6 Horse Pills Every Owner Should Keep Nearby

There are more medications and nutritional supplements than ever before for a horse owner to choose from. Here is a look at over the counter horse pills that may or may not need a prescription to buy. Each place that sells pills has their own rules about prescriptions.

Medication prices vary wildly due to unpredictable factors (such as pharmaceutical plant having to shut down). So, the prices mentioned here are not absolute. Consider them as the least one should expect to pay. This is a look at just horse pills (sometimes listed in catalogs or websites as oral medication) and not other types of medication like pastes or liquids.

6 Horse Pills to Always Have for Your Equine

1. Phenylbutazone (Bute)

This is a common non-steroidal anti-inflammatory drug (NSAID) given for pain. It’s one of the most widely available NSAIDs painkillers and least expensive.

  • The average cost is a mere 27 cents for each tablet.
  • Bute comes in a variety of formats but pills are usually the least expensive and last a long time if stored in a cool dry place.
  • Always check the directions for dosage. But the average tablet is good for 12 hours of pain relief per 500 pounds the horse weighs.

NSAID horse pills like bute are not allowed for competition or racing horses, depending on the individual event. Only use when the horse is under a veterinarian’s care for pain. Too much use of NSAIDs like bute can cause liver damage.

2. Prednisolone

Prednisone is a common corticosteroid given to many mammal species like people and dogs to help relief the itching and inflammation caused by skin allergies. It also is a common medication for heaves. Unfortunately, horses have a hard time absorbing prednisone horse pills. Fortunately, they can take prednisolone instead.

  • If a horse needs a large dose, then giving intravenous injections are more effective than pills, since a horse needs to take many pills for the medication to be effective.
  • The usual dosage is 0.25 mg per kilogram that the horse weighs.
  • Tablets tend to come in just 20 milligram size. This means the average size horse at 1,000 pounds would need to take anywhere from 5 to 22 horse pills, depending on what a veterinarian recommends.
  • At least the tablets are cheap at about 30 cents each.

3. Diphenhydramine (Brand name Benadryl)

As a general rule, human medications should never be given to horses or ponies. However, diphenhydramine proves the exception to the rule.

  • This over the counter drug is exactly the same as the stuff sold for allergies in people. It helps reduce the pain and swelling that come from any allergic reactions, such as bee stings or insect bites.
  • It is also one of the safest and mildest sedatives to give to horses or ponies.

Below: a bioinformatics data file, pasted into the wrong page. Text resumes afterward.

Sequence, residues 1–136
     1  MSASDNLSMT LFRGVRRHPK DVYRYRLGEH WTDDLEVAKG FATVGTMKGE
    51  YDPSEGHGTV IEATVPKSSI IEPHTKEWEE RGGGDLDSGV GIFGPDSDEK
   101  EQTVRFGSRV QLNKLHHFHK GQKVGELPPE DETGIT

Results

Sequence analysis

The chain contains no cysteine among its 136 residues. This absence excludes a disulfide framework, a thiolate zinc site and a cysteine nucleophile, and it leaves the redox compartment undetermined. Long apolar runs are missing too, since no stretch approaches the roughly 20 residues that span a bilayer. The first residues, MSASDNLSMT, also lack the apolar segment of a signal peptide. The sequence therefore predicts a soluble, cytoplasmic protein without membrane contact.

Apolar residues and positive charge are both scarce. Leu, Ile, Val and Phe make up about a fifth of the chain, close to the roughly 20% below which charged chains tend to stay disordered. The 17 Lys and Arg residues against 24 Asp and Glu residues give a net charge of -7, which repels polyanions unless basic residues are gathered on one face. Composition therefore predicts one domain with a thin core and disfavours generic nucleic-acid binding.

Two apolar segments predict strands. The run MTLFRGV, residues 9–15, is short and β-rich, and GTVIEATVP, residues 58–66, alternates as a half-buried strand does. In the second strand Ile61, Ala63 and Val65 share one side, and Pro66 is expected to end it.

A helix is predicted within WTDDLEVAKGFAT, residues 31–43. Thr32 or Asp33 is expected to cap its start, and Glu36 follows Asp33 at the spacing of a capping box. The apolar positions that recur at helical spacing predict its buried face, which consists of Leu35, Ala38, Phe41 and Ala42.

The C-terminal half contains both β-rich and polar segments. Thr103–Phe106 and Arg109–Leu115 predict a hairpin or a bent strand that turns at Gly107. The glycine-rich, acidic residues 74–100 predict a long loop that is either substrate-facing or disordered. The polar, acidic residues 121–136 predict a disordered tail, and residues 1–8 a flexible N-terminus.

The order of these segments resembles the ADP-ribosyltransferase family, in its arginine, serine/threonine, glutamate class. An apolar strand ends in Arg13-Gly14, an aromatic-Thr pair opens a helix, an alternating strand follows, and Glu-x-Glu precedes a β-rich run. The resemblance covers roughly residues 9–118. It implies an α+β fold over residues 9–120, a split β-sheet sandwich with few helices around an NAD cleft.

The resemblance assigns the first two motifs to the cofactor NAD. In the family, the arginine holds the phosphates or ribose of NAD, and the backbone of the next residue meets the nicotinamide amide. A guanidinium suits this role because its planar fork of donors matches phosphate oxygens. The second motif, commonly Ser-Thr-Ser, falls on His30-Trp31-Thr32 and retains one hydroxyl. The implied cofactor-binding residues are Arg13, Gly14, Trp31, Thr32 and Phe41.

• Moreover, it helps horses with motion sickness.
  • The dosage is 2 to 4 milligrams per kilogram that the horse weighs. So a 1,000 pound horse will need to take anywhere from 18 to 36 horse pills if the pill is 50 milligrams.
  • Diphenhydramine comes in a wide variety of sizes.

Although tedious to administer, it is good to have for an emergency or if a horse is known to have a particular allergy.

4. Acepromazine

This is a mild tranquilizer that is sold in liquids, injectable and as horse pills. A horse on acepromazine should never be competed or raced.

  • Horses or ponies that become dangerously frantic during medical exams or getting shoed may benefit from a dose of acepromazine.
  • It is also prescribed often for laminitis.
  • The prices averages 62 cents per tablet. The average size is 25 milligrams.
  • The dose is 0.25 to 1 milligram per kilogram that the horse or pony weighs. This means a 1,000 pound horse needs an average of 1,000 milligrams per dose.

5. Doxycycline Hyclate

This antibiotic is also called doxycycline hydrochloride. It is widely available as horse pills or capsules. There is an injectable, but this if it hits a vein it could kill the horse. The horse pills are generally considered safer for a non-veterinarian to give.

  • This is given for infections caused by bacteria such as Lyme disease, Potomac horse fever and Erlichia infections.
  • They cost about 45 cents per tablet or capsule.
  • The dosage is 10 milligrams per kilogram that the horse or pony weighs. This means that a 1,000 pound horse would need about 45 tablets per dose.

6. Ranitidine (Brand name Zantac)

This is another human medication which can be given to a horse in an emergency if a dose for horses is not available. In people, Zantac is given to prevent heartburn. In horses, it’s given to treat gastric ulcers. Unfortunately, horses are very much prone to gastric ulcers.

  • A horse or pony with an ulcer needs not only ranitidine but to stop using any NSAIDs that could aggravate the ulcer. The animal also needs to be kept away from stressful conditions. This is, of course, easier said than done.
  • Horses or ponies need to be on ranitidine for at least three weeks before any improvement is seen.
  • Horse-sized horse pills are as large as 300 milligrams.
  • This is fortunate since the dosage is 6.6 milligrams per kilogram that the horse weighs. The average cost is 20 cents per tablet.

To the Counter

Giving pills to a horse is more difficult than giving other types of medication. Horses and ponies are very good at spitting out pills. Once upon a time, horse owners had to stick a tube down the horse’s nose or esophagus and blow a pill into the annoyed horse’s throat. Now pills can be ground up and added to a horse’s food.

Some pills are small enough so they can be inserted into a small whole in a carrot. The horse crunches up the carrot, pill and all.

The images are from pixabay.com.

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